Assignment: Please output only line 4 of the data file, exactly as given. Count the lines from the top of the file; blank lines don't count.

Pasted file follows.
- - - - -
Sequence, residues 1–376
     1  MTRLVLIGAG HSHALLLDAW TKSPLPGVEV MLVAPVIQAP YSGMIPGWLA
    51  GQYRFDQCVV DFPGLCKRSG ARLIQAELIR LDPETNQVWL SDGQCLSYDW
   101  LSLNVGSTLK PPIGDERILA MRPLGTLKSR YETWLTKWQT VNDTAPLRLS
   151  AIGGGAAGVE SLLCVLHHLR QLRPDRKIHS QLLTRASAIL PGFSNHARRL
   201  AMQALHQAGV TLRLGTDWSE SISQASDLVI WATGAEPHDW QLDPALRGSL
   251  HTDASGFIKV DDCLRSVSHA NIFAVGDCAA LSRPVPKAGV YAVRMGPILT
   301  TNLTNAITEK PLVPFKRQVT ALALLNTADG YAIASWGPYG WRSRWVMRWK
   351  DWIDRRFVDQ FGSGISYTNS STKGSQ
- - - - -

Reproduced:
   101  LSLNVGSTLK PPIGDERILA MRPLGTLKSR YETWLTKWQT VNDTAPLRLS